What Is The Witching Hour ?
When we google ‘the witching hour for babies’ this comes up…‘Newborn babies often cluster feed in the evenings, and this means you may spend hours in an on-again-off-again rut. It can be a frustrating time, but it's normal.’
‘Rut’ doesn’t that sound pleasurable? But more to the point are the words, 'but it's normal.'
Is it? Who said it is normal? Whomever they were didn't base their statement on a newborn's cues or their digestive biology. If they did, they would know that the baby wasn't asking to continuously feed in the late afternoon to evening and that cluster feeding actually pushes a newborn's digestive system beyond what it can cope with. They would also know that this practice of cluster feeding actually contributes to the witching hour.
When I first started working with babies, 20 odd years ago, the ‘witching hour’ was something that we professionals tried hard to fix for the newborns we cared for because it was widely accepted and known that ‘it wasn’t normal.’ That there was something that wasn’t quite right that needed to be fixed to help the baby.
However most babies that were upset in the evening back then were largely labelled as having ‘colic’. And we were taught that there was nothing you could do about colic - parents just had to ‘get through' that time and baby will grow out of it. We could give them some band-aid things that may help but that was it. This widely spread message had many mothers, as it still does now, sadly wishing away their baby’s first three months of life until they 'grew out' of this colic.
Over the last twenty years, the witching hour has become more prevalent from some of the misinformed strategies that parents are being taught. I have watched this behaviour that I know is abnormal, morph into the projected belief that 'it is normal' in order to help parents feel better about going through it. As one women said, 'to let them know that it isn't serious' but I beg to differ with her. This kind of behaviour is serious, both to the mental and physical health of the baby, parents and the entire family. That's why it is fantastic to find a new way that helps and is based on factual biology.
Another explanation that was common, and still is, is that the unsettled behaviour is due to an immature digestive system. Hmmmm – immature? I've always found that phrase interesting to say the least. I’ve never felt comfortable with the regurgitated belief that babies were born lacking - how did we ever get to that thought process! It’s beyond me and on behalf of the newborns, it saddens me greatly. Surely they are born with what they are born with in regards to biology, and while we may consider their digestive system immature compared to an adults, that doesn’t make it wrong for the baby at their stage of life. If it was, surely nature would have made us all differently don’t you think?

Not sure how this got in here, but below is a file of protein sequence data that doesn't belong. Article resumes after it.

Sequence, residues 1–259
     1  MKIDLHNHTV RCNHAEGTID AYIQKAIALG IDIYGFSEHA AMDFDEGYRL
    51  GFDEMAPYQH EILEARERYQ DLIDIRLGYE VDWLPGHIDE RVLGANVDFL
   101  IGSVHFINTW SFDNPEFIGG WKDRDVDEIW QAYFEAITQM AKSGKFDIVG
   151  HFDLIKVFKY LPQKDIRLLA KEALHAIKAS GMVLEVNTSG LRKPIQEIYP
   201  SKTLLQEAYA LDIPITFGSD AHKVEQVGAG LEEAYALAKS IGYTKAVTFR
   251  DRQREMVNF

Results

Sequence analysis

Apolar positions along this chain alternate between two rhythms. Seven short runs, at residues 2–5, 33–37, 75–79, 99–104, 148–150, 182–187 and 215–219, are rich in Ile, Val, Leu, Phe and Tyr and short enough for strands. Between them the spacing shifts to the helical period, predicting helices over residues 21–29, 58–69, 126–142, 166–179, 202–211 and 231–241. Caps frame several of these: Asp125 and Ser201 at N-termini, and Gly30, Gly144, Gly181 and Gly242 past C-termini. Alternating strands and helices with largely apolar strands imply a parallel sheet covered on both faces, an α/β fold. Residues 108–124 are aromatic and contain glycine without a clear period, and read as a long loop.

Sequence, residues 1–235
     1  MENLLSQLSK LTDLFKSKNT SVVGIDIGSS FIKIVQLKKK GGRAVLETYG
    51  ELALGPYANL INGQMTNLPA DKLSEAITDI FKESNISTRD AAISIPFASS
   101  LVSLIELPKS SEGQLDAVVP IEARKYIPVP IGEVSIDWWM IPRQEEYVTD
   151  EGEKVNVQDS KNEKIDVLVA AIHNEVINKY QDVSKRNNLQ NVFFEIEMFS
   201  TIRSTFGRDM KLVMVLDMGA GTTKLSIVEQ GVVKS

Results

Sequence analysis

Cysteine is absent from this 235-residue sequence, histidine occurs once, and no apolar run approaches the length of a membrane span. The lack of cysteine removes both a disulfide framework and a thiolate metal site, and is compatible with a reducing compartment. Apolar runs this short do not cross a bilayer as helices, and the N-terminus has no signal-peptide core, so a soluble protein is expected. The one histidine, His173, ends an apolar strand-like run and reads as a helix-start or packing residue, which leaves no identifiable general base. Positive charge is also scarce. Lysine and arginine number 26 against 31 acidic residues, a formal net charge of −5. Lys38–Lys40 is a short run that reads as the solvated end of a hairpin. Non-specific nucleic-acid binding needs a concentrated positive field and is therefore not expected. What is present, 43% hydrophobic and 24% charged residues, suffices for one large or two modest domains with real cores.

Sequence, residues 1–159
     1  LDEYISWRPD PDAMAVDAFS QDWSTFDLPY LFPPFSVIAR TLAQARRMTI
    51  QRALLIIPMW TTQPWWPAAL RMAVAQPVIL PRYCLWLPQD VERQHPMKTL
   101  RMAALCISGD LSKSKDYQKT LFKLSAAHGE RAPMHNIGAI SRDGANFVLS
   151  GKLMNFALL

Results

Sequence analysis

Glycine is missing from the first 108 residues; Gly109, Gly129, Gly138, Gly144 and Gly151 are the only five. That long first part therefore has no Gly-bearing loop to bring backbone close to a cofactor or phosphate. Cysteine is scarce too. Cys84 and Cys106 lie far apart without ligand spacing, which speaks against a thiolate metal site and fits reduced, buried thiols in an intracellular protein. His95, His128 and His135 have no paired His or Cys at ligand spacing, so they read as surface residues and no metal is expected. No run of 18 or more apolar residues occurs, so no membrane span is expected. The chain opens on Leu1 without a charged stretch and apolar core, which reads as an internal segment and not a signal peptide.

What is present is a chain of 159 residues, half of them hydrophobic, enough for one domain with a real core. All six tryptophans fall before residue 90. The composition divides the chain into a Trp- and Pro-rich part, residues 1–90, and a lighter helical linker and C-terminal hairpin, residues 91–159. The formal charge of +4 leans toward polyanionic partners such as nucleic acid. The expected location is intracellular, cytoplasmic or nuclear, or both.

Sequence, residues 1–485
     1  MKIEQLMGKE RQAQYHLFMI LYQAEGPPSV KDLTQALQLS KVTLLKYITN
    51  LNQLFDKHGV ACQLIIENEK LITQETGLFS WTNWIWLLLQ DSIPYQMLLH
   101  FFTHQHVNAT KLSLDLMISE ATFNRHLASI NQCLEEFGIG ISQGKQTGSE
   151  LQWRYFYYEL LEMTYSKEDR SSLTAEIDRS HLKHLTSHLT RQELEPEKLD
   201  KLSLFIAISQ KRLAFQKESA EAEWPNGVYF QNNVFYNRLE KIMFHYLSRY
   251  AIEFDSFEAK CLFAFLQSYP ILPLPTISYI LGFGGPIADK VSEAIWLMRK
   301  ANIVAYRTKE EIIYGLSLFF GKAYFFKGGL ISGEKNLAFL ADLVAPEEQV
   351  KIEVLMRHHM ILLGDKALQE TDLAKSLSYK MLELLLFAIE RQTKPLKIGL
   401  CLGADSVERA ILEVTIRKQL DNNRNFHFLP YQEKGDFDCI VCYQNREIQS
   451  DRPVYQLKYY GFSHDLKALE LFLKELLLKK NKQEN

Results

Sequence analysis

So with this in mind, and after seeing far too many newborns suffer through this so called thing we couldn’t do anything about, (now referred to as the 'witching hour and normal) with the help of two doctors I studied a newborn's early digestive biology, and found that some of what is taught about how to feed, whether breast or bottle, actually works against our baby’s early digestive system. I then got to thinking that perhaps it’s not that it’s immature. Perhaps the unsettled behaviour is more about us not working alongside what nature gifts our baby's in the early months of life. That we weren't placing our feet in theirs enough.
Along with this thinking, in my early career as a Maternity Nurse I discovered what I now call the Six-Wind-Cues. Unfortunately one of the Six-Wind-Cues is currently being misinterpreted and taught as hunger a cue – the mouth making a chewing motion while poking out the tongue. The rooting to suck reflex is another cue that is mistaught, with parents largely learning it is only a hunger cue. When in actual fact a baby roots to suck for comfort too as sucking relaxes them, ‘turning on’ the digestive system enabling it to work advantageously. Unfortunately the misunderstanding of these cues leaves the well intentioned parent responding to their unsettled baby with more food, often referred to as cluster feeding.
This only exacerbates the cycle of the ‘witching hour’ because it overloads their digestive system, placing unnecessary pressure on their digestive organs to perform tasks that are abnormal. When this happens the parents may not be able to place the baby down, let alone lie them down long enough for them to sleep. The baby looks to suck a lot for comfort, they cry and in some cases scream, while arching backwards with possible reflux. To give this behaviour a name that is actually about it's cause and replaces 'the witching hour', a baby like this is actually feeling Digestive Overload.
I'd also like to briefly mention, that trapped wind in a baby's body also contributes greatly to Digestive Overload (the witching hour). Most parents are taught to burp baby a few times and that's all they need. But after learning winding techniques hands on with over 35 sets of twins working 24 hours a day for up to 3 months with each family for six years, I can assure you that your baby needs more than just a couple of burps to feel relaxed enough to gain developmental sleep. You can read about how much is ideal here.
The technique I use to release burps is called Nature's Wind Sequence as it's made up of a sequence of events that is innate to all newborns. Wind is one of the many things that can contribute to these 'witching hour' symptoms, other factors are the mother's breastfeeding diet, formula choice, amounts fed via bottle and tongue and lip tie.